Jim Moran (publicist)
James Sterling Moran (January 1, 1908–October 18, 1999) was an imaginative publicist who was active as a press agent for various clients (film studios, manufacturers, retailers, Washington politicians) in a career that spanned five decades, from the 1930s to the 1980s. In 1989, Time ranked him as "the supreme master of that most singular marketing device--the publicity stunt."
Born in Woodstock, Virginia, in 1907. Moran was the son of a chimney maker. When he was 12 years old, he was riding a bicycle and was hit by a car. The driver was so relieved to see Moran unharmed that he gave him $100, which Moran immediately used to take a train to New Orleans, returning home two weeks later.
Instead of attending college, Moran took a variety of jobs: a tour guide in Washington, an airline executive and manager of a studio where Congressmen recorded speeches for local radio. Moran married several times but had no children.
His attention-grabbing publicity stunts began in the 1930s. He made his mark when he went to Alaska on behalf of General Electric and sold a refrigerator to an Eskimo. On February 4, 1939, he was interviewed by Parks Johnson and Wally Butterworth on the Vox Pop radio program. Claiming that one must give in to impulsive behavior because inhibitions were "warping" our personalities, he threw eggs at an electric fan.
In a Nevada river, during the 1944 Presidential campaign, he changed horses in midstream. Other stunts included walking a bull through a New York City china shop and promoting a real-estate development by spending ten days looking for a needle that had been dropped into a haystack. To publicize the 1947 movie The Egg and I, Moran sat on an ostrich egg for 19 days, four hours and 32 minutes. In the late 1940s, he promoted a Broadway show with a taxi constructed so that a chimpanzee was the apparent driver (with Moran secretly driving from the back seat).
In 1959, for the premiere of The Mouse That Roared, he opened an embassy in Washington for a mythical country. To publicize a candy bar, he planned to fly a midget across Central Park in a kite, but police squelched the stunt, prompting Moran to remark, "'It's a sad day for American capitalism when a man can't fly a midget on a kite over Central Park."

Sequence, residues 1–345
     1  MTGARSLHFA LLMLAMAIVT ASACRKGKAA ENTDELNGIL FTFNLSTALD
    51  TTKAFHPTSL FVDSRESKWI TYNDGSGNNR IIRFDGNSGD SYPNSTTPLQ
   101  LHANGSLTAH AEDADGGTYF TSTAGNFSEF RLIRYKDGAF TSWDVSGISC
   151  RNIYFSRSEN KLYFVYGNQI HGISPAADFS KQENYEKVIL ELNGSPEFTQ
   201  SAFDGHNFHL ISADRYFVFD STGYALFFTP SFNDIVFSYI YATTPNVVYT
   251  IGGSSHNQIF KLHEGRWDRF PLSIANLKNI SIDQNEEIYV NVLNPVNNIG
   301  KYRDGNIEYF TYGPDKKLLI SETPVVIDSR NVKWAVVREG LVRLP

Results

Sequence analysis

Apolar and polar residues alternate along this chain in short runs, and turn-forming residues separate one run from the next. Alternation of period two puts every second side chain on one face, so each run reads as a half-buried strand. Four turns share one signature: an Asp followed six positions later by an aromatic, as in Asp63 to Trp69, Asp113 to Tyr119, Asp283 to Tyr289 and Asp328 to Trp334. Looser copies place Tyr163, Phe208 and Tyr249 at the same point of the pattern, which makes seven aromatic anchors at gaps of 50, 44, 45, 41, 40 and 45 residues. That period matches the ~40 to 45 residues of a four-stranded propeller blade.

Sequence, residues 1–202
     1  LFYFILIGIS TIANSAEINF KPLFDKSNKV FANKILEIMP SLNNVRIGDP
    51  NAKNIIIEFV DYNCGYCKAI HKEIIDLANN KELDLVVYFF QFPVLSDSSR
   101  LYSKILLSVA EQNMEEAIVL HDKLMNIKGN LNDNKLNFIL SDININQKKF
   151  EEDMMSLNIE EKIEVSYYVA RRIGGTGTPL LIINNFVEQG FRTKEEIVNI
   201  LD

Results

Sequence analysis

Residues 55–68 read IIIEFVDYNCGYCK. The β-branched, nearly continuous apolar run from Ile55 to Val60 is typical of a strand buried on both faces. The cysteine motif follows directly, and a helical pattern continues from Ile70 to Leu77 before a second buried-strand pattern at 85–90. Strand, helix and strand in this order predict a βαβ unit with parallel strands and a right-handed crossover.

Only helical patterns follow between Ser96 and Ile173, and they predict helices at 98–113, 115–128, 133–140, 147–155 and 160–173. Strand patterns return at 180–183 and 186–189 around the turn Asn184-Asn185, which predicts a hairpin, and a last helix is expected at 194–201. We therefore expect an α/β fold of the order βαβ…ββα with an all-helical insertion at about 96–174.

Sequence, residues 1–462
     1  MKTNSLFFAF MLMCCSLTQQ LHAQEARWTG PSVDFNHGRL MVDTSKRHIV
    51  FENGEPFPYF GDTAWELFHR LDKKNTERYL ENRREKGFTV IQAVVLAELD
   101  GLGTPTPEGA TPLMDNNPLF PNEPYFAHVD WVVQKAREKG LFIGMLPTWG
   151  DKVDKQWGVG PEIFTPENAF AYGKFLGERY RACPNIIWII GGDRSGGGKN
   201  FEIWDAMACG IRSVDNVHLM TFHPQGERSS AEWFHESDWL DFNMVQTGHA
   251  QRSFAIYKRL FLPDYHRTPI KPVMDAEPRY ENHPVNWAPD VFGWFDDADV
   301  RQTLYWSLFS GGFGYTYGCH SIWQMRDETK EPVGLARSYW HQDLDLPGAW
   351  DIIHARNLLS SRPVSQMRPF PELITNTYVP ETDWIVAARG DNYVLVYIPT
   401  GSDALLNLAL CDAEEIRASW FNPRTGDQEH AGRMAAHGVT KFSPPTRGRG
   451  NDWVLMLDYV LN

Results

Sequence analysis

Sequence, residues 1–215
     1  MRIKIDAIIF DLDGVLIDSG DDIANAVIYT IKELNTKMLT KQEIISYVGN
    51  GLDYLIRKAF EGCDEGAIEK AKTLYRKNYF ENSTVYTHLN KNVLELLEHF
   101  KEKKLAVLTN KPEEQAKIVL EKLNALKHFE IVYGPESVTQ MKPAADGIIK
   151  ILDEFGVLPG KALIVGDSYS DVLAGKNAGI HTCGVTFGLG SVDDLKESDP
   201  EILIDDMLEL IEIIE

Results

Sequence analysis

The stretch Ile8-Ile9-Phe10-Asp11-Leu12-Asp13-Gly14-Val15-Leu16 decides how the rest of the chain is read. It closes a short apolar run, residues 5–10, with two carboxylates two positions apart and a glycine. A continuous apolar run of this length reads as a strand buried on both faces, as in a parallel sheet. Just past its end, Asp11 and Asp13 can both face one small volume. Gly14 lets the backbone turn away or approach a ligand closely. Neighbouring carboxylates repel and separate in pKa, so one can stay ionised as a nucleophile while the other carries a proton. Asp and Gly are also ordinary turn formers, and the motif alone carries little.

Moran was heard on People Are Funny and other radio programs during the 1940s, and on one radio show he announced that he had written a song titled, "George Washington Bridge." The lyrics consisted of the words "George Washington Bridge" repeated over and over for more than a minute.
He acted in several films: The Body Snatcher (1945), Specter of the Rose (1946), The Mask (1961) and Is There Sex After Death? (1971). He was a panelist on the 1954 TV quiz show What's in a Word? along with Clifton Fadiman, Audrey Meadows, Faye Emerson and Mike Wallace. Moran appeared on The Mike Douglas Show in 1964, and one of his last appearances was promoting the movie Yellowbeard (1983) on Late Night with David Letterman.
Moran's show business and writer friends included Burl Ives, Lee J. Cobb, John Henry Faulk and the humorist H. Allen Smith, who wrote extensively about Moran in his books Lost in the Horse Latitudes (1944) and The Compleat Practical Joker (1953). At age 91, Jim Moran died in an Englewood, New Jersey retirement home on October 18, 1999, survived by his brother, Paul Moran, of Alexandria, Virginia.